The trouble is, personnel managers and “applicant tracking systems” which analyze your “keywords” are incapable of assessing your ability to do a job. That’s why people get rejected out of hand again and again and again.
You must go around the personnel managers and hiring systems to find the manager. Don’t enumerate the keywords requested in the job posting. Show how you’ll do the work the manager needs done. Have a conversation. Talk the manager through it like you talk your kids through a scraped knee. What any manager really wants is for you to make the pain go away. But first you have to have a heart-to-heart to learn where it really hurts. That kind of talk beats a “job interview” about your resume any day!
Here are a few core Ask The Headhunter articles to help you get started:
Ask The Headhunter in A Nutshell: The short course
Employment In America: WTF is going on?
You’ll find hundreds more helpful how-to articles on this website, all for free. (I also offer a few PDF books that organize my advice around specific topics.)
You raised seven wonderful children. You can find one great job. But you won’t find it by broadcasting all your skills and waiting for one company to “find” you.
Start by picking a good company, learning what a specific manager needs, and then organizing your skills into a short document (or presentation) that shows how you will do what the manager needs. Don’t expect any manager or employer to “process” all your credentials and figure out “what to do with you.” Most managers aren’t very good at playing Mom.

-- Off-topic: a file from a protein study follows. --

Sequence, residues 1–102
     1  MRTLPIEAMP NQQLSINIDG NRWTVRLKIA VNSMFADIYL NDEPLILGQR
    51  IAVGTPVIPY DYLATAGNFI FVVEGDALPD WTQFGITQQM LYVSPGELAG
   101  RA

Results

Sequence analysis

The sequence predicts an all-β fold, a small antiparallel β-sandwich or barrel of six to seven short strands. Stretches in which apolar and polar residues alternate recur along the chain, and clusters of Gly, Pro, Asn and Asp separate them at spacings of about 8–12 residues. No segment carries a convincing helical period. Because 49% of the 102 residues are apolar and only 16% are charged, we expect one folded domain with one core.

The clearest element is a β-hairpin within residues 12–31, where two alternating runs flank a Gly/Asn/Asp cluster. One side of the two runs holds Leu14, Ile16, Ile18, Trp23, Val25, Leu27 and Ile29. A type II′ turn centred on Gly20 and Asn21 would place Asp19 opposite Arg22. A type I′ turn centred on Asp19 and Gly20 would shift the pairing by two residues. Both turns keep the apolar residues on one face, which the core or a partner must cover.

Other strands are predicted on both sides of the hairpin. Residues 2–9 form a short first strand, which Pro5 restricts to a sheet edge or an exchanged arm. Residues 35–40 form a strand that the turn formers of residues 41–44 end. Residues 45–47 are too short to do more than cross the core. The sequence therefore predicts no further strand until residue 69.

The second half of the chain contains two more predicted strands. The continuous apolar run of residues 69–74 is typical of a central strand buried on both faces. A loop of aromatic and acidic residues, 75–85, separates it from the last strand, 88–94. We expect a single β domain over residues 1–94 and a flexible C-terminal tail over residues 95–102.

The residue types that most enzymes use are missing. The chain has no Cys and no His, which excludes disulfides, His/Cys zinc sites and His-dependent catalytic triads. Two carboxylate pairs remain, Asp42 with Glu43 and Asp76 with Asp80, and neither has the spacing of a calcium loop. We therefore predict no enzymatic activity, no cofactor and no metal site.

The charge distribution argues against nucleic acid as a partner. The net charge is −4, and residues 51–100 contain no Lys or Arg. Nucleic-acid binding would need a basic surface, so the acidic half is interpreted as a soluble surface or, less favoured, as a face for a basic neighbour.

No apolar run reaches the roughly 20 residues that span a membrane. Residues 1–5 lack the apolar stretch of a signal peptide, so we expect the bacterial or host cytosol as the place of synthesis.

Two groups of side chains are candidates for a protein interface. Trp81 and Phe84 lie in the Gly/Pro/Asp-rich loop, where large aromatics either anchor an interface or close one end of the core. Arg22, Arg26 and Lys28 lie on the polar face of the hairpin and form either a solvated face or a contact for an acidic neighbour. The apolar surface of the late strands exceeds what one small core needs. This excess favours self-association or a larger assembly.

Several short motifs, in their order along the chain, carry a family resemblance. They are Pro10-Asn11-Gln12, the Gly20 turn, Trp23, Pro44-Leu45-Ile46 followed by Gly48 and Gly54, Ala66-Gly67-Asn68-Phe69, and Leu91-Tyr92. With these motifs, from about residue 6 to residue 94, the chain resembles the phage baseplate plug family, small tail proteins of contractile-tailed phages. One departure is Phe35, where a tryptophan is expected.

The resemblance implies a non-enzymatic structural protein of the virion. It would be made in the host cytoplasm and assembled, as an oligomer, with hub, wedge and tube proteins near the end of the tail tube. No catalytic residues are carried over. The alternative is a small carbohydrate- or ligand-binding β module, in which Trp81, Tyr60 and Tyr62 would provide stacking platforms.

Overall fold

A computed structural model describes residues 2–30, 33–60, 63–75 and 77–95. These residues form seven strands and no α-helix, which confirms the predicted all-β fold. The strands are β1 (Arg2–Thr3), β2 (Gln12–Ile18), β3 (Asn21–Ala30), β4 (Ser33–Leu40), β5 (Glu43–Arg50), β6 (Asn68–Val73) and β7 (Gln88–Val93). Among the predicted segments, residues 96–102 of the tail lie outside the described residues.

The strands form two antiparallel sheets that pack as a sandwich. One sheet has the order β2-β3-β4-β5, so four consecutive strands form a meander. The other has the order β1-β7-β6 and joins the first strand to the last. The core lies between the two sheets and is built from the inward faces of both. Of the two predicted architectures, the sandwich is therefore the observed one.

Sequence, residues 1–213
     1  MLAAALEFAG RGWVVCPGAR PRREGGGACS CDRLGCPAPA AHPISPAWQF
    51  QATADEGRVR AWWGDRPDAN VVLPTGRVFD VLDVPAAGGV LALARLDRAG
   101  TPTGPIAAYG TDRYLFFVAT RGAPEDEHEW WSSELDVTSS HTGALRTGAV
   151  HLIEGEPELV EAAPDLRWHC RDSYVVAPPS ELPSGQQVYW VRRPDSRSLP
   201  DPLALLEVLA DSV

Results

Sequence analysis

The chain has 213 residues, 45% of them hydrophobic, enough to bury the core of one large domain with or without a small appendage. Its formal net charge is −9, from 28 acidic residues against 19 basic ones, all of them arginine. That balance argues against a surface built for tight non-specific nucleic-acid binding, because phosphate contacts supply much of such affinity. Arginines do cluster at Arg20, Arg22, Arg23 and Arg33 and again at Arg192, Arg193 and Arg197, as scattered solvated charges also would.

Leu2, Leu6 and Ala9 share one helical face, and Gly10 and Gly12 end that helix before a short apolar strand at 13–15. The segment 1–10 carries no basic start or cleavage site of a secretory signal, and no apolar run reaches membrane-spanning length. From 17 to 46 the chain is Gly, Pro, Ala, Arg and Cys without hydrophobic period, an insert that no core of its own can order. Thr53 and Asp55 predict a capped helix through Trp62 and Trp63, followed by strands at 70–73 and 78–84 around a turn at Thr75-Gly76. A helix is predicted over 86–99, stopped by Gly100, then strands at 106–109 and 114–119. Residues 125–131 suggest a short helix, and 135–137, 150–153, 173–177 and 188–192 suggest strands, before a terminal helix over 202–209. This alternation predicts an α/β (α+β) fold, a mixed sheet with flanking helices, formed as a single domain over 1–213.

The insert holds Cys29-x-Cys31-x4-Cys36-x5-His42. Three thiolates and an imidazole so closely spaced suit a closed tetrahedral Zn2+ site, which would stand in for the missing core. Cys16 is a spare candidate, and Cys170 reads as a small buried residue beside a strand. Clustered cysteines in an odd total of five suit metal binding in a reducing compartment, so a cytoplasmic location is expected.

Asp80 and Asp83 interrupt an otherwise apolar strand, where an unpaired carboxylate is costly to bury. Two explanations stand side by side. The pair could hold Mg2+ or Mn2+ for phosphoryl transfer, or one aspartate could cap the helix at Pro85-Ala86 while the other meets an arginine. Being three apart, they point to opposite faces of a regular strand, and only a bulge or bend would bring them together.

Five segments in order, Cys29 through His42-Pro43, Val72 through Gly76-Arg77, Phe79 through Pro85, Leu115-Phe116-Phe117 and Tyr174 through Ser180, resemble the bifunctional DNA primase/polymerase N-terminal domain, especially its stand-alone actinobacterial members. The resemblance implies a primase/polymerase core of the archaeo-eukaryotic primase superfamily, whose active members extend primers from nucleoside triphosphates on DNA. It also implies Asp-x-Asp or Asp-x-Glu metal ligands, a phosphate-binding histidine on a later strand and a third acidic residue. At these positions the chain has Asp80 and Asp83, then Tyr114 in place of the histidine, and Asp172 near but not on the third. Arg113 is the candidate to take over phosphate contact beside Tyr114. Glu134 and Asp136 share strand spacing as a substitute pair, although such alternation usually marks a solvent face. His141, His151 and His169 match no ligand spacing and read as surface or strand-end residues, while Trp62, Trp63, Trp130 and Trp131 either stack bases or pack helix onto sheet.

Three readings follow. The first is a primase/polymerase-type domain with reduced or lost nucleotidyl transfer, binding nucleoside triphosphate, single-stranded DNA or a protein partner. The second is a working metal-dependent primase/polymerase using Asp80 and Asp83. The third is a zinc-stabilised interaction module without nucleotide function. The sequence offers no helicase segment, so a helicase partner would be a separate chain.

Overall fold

I wish you the best.
What advice would you give this mom, who clearly has considerable skills but little experience in the workforce? If you’ve made the transition from raising a family to getting a “regular” job, how’d you do it? What problems did you face? What obstacles did you overcome?
Research Analyst sounds way more impressive and relevant to most jobs than Home Schooling Mom. I’d never guess that it’s a low paying job. You’ve already made the transition to the labor force so I’d play up your current job rather than your mom experience.
I know I’ll get drenched with criticism for being politically incorrect, but I don’t think being a mom is all that transferable. As Nick notes, the clients have no choice in selecting their teacher. And as Nick avoids noting, home school moms are never fired by their children, no matter how incompetent they are. And believe me, some of them are really incompetent. I know home schooling moms who don’t make their kids do math because the kids don’t see why they need math. Some of these moms are tremendously disorganized and no one ever calls them on it.